“Truth and Freedom”

“Truth and Freedom”

October 30th, 2016
Pastor Mark

Reformation Day (Observed), October 30, 2016

Truth and Freedom

Text: John 8:31–36


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Truth and freedom—both are important to all of us.  Let’s start with the truth.  We want others to tell us the truth, not lies.  We want what we hear on the radio, see on TV, or read on the internet to be true. We talk about truth in advertising. When talking about politics and government, we want politicians and officials to speak truthfully; and yet is sadly such a rare thing that they do.  When we learn history we want to learn the truth about what really happened “back then.” We do not want any revisionist spin to match the pc culture and biases found today. 

And as Americans, we know about freedom. We like our liberties—the freedom to worship without persecution from the government, the freedom to vote for the candidate of our choice, the freedom to travel when we want, and so forth. We value our freedom especially when we think of those living in countries with dictatorship governments. Yes, truth and freedom are both very special and are becoming harder to come by.  People have fought and died for both of those things.

Our text for this Reformation service deals with truth and freedom. The word “truth” in our passage from the Gospel of John does not just mean the ordinary meaning of the word or a philosophical concept. Jesus talks about the truth—the ultimate truth, the highest truth, the truth that is of the most importance for everyone.  The Reformation led by Martin Luther was concerned with this truth. In our text, Jesus says that The Truth Sets Us Free.

Every single person needs the truth. This truth Jesus is talking about shows us the reality: Triune God, we are sinners, Jesus died and rose, there is a heaven and a hell.  For those then who do not believe “the truth,” well…they believe what is not “the truth.” What they believe in is not reality; it’s not the way things really are. They are kidding themselves, going along a path that will end, sadly, with them in hell forever. 

Today in this country, we run into several religious and philosophical systems. In polls of Americans, the majority of those who actually respond (I hang up on poll people robo calls a lot) say all religions are valid. We are asked to be broad-minded, to be good sports and confess, as so many do, that “it really doesn’t matter what a person believes as long as he or she is sincere in that belief,” or, “there are different roads to heaven.” But we are being asked to accept what is untrue, to recognize gods that do not exist. The people holding to these ideas are believing something that is false.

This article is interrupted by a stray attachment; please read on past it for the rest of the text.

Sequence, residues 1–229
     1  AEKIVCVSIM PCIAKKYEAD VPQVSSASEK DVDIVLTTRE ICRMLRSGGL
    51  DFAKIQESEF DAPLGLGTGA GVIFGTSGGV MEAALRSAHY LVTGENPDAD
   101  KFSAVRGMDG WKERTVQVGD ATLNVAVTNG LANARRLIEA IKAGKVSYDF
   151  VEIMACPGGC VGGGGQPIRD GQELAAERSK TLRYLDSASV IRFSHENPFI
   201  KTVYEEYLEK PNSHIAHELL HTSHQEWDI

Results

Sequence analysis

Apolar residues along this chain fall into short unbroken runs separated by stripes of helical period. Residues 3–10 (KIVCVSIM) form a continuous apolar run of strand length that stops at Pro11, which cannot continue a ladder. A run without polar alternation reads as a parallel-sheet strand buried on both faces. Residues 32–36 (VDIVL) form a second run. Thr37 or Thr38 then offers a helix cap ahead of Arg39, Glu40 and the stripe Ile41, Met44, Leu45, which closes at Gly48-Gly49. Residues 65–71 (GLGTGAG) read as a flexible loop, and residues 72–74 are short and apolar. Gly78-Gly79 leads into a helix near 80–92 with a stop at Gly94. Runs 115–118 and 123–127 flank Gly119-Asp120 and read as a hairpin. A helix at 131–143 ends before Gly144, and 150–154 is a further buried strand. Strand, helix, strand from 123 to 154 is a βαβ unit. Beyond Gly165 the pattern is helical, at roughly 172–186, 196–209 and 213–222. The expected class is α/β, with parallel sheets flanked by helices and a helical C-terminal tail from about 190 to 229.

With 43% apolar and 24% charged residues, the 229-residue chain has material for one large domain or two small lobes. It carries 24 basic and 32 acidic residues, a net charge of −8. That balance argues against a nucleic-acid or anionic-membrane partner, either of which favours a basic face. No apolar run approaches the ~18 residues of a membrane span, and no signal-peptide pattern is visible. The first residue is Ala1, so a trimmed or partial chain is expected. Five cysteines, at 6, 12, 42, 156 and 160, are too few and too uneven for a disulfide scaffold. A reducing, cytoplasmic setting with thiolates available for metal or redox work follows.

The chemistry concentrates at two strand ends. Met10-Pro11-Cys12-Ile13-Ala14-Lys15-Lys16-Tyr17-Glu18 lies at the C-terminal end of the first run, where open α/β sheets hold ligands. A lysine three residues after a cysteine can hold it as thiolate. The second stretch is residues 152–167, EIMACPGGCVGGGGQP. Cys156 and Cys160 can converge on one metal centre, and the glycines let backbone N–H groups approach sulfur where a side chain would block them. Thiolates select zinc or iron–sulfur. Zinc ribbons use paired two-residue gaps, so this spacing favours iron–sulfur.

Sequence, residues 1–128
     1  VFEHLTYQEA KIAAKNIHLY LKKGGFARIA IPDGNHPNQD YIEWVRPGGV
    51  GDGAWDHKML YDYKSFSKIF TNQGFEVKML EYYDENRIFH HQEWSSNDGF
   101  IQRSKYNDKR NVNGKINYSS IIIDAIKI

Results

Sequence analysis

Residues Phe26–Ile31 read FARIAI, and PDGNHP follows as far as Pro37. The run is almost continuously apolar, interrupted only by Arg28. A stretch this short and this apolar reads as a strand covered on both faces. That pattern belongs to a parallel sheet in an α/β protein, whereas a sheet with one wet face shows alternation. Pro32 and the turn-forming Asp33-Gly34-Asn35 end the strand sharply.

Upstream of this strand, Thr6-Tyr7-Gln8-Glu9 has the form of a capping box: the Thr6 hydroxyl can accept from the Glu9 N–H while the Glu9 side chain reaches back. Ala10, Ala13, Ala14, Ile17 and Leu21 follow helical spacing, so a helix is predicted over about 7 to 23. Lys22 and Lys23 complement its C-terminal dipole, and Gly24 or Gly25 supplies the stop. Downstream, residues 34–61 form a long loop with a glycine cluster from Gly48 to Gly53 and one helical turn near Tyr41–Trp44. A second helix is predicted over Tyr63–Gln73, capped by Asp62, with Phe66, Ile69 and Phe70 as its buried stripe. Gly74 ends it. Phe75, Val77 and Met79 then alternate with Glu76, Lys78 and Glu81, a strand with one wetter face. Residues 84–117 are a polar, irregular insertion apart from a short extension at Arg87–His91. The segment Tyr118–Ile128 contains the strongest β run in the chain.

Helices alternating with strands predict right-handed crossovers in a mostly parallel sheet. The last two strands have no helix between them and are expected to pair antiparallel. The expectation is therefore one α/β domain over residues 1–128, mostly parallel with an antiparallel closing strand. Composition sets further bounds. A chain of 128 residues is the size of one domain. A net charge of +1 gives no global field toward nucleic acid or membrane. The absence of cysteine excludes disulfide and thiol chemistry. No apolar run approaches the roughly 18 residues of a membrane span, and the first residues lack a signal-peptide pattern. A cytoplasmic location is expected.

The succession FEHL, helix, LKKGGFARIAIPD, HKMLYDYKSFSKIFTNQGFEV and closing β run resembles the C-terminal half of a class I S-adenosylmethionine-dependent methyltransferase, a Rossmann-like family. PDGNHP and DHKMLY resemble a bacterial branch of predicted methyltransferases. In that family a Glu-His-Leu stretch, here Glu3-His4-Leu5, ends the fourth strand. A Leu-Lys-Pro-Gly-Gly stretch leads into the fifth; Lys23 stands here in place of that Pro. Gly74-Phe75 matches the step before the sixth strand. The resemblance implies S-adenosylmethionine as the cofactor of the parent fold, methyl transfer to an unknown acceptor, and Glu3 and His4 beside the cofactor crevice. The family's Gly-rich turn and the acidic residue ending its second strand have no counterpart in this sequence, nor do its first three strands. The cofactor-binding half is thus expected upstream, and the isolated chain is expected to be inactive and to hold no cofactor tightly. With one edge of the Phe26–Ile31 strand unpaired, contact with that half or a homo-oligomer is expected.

Our text has Jesus speaking to a crowd of Jews. Many of the Jews in that crowd believed the truth, that Jesus is the Messiah. There were others in the crowd who did not believe the truth; they rejected this truth because they felt they already knew everything that mattered. They thought they already were free, that they were saved just because they were physical descendants of Abraham.

But they were fooling themselves; simply the fact that they had  Abraham’s DNA would not save them. John the Baptist once warned the Pharisees and Sadducees, who prided themselves in being Abraham’s descendants, “Do not presume to say to yourselves, ‘We have Abraham as our father,’ for I tell you, God is able from these stones to raise up children for Abraham” (Mt 3:9).

Martin Luther, in the early part of his life, was living and believing a lie as well, he did not have the truth that sets people free. As a monk in the Roman Catholic Church, he was taught, and he believed, that a person could earn God’s favor and salvation by performing good works. Luther felt that his salvation depended on what he did, that he had to win his salvation, that everything depended on his efforts. But this is not the way a person is saved.

At the bottom of this false belief is the idea we can be good enough.  We’re not.  The Bible says, “Surely there is not a righteous man on earth who does good and never sins” (Eccl 7:20). No one is without sin. This included the unbelieving Jews in Jesus’ day; this included Martin Luther; this includes you and me.